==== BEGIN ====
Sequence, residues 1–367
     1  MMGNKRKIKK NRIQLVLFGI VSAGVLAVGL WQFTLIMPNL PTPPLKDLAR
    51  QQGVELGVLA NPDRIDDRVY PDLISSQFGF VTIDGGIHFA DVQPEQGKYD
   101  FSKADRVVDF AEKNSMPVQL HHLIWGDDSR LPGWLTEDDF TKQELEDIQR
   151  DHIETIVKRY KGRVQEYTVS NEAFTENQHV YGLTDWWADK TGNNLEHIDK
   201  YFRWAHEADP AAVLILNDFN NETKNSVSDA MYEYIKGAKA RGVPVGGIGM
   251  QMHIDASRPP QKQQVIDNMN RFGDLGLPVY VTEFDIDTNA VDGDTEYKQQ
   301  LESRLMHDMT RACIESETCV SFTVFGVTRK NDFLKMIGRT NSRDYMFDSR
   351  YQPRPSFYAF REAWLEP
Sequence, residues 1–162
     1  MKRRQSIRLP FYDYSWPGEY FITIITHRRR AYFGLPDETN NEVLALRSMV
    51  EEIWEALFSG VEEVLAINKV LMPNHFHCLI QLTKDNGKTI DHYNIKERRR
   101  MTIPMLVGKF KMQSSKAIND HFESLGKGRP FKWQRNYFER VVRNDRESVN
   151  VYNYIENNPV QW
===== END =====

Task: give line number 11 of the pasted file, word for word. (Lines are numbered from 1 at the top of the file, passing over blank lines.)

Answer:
     1  MKRRQSIRLP FYDYSWPGEY FITIITHRRR AYFGLPDETN NEVLALRSMV